The Death of the Publishing Industry?
In the past few years there has been a lot of talk about how newspapers and magazines are being replaced by online content, and that print media will soon be a dead industry. While it is true that the game is changing, and not many of the changes are good for the big publishers, keep in mind that devices like the iPad, Kindle, and iPhone open up a whole new market for them. Consider these examples from my own life:
1. I have read the print version Wall Street Journal over the years at libraries, hotels, and airports but never subscribed to it. I just don’t have the time to sit and read it in my house each day. I did try subscribing to the online version online for a year, but found most days I did not have time to read it. Now, I subscribe on my Kindle, and am very happy with my subscription. I bring my Kindle with my everywhere, so although I don’t read the Wall Street Journal every day, I love having it available when I have free time. Yes, reading it on my Kindle screen is even worse than my PC screen, but overall I enjoy it much more because of how much I just appreciate being able to read it whenever and wherever I want. If I am waiting at an airport, I would probably buy the print edition that day instead of reading it on my Kindle, but that does not make me regret my electronic subscription in any way. My point with all of this is that for 25 years I had loved the Wall Street Journal but never paid to subscribe. Then, the day I bought my Kindle, I became a paid subscriber.
2. For the past 20 years, I read an average of only 2-3 books a year, most of which were gifts people gave me. Since I bought my Kindle, I read 2-3 books per month (mostly business books, usually $10-$15 each), because having them on my Kindle allows me to read them at more opportune times. I especially love not having to bring a stack of books with me when I go on vacation, and not having to worry about being in a situation where I run out of books to read.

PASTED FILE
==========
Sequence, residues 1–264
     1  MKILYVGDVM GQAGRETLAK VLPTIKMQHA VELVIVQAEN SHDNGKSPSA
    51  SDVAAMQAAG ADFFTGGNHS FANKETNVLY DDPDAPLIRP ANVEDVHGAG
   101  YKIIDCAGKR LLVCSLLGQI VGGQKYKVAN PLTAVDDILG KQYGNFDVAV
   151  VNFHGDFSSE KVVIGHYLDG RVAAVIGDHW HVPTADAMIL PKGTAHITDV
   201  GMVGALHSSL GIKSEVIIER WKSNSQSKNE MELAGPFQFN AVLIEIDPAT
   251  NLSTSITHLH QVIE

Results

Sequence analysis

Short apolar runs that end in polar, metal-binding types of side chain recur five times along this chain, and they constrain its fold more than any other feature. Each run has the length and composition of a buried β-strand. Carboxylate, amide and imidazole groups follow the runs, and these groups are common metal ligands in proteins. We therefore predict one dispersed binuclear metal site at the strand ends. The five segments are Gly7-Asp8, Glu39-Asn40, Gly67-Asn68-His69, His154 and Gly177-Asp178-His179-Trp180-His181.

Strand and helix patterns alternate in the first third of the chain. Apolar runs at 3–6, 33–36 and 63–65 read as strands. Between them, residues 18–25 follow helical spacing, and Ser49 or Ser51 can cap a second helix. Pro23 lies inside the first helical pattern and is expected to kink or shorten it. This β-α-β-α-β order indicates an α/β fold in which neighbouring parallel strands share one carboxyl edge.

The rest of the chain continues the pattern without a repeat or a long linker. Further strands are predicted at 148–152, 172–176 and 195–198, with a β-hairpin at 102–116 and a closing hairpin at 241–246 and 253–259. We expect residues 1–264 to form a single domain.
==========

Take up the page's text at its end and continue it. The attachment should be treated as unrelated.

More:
3. After I bought my Kindle, I canceled all of my print magazine subscriptions and subscribed to those same magazines on my Kindle instead. An extra benefit to this is that if I ever move, I don’t need to deal with changing the address for all of my magazine subscriptions. And, because I love reading on my Kindle so much, I even subscribed to a bunch of new magazines that I never subscribed to before.
4. Sometime when I am reading a book or magazine article on my Kindle, the author recommends a related book, and I buy it. In the past, I probably would have written down the book name and remembered to go to a book store and buy it (or order it online), but the Kindle allows this with a few clicks, so I do it.
5. I subscribe to several blogs on my Kindle, such as TechCrunch.com. I used to read these blogs online for free, but I now pay a small fee (like $2/month) for the convenience to read them on my Kindle. In fact, people can even subscribe to my blog on their Kindle. Before devices like the Kindle came out, who would have thought people would pay to read blogs?
I know all of my usage is not typical of the normal reader, but soon, books and magazines and newspapers will be available in multimedia form, so for example when you read about Steve Jobs giving a news conference to launch the new iPad 2.0 5G 3D solar powered model, you will be able to click on a highlights video of his speech, download the audio file, view a photo of the new device, or maybe try a 3D holographic demo of it. All of this will make the books/magazines/newspapers much more enticing and competitive, and without the high costs of the old school printing and distribution, publishers might be able to make the same profit as they did back in their glory days.
It is hard to predict the future of any industry, but it is very possible the publishing industry may adapt to all the new technology and change along with the times, avoiding the collapse that many people are talking about.